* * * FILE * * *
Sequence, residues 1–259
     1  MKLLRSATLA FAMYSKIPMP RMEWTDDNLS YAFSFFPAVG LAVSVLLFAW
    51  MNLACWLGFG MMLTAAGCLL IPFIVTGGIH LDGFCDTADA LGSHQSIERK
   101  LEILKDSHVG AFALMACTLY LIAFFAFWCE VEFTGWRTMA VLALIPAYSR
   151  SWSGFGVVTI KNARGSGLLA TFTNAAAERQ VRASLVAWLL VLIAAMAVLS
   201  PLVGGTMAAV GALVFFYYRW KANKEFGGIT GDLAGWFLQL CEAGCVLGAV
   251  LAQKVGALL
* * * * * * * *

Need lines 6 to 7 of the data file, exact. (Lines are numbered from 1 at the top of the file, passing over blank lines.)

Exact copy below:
   201  PLVGGTMAAV GALVFFYYRW KANKEFGGIT GDLAGWFLQL CEAGCVLGAV
   251  LAQKVGALL